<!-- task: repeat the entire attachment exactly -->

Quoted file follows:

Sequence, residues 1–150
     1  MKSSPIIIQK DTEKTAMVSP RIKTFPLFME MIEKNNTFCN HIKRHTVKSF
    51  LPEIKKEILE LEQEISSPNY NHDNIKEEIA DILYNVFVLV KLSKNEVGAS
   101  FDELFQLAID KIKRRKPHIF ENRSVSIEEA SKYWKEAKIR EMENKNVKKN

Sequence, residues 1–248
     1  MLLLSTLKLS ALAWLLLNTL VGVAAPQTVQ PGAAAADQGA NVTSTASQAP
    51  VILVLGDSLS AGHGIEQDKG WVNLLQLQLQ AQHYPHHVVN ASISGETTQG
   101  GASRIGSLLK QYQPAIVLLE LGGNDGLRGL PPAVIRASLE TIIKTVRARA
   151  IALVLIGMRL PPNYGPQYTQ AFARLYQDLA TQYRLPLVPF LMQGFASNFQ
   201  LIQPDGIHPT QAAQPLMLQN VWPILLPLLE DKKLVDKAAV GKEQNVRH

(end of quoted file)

Sequence, residues 1–150
     1  MKSSPIIIQK DTEKTAMVSP RIKTFPLFME MIEKNNTFCN HIKRHTVKSF
    51  LPEIKKEILE LEQEISSPNY NHDNIKEEIA DILYNVFVLV KLSKNEVGAS
   101  FDELFQLAID KIKRRKPHIF ENRSVSIEEA SKYWKEAKIR EMENKNVKKN

Sequence, residues 1–248
     1  MLLLSTLKLS ALAWLLLNTL VGVAAPQTVQ PGAAAADQGA NVTSTASQAP
    51  VILVLGDSLS AGHGIEQDKG WVNLLQLQLQ AQHYPHHVVN ASISGETTQG
   101  GASRIGSLLK QYQPAIVLLE LGGNDGLRGL PPAVIRASLE TIIKTVRARA
   151  IALVLIGMRL PPNYGPQYTQ AFARLYQDLA TQYRLPLVPF LMQGFASNFQ
   201  LIQPDGIHPT QAAQPLMLQN VWPILLPLLE DKKLVDKAAV GKEQNVRH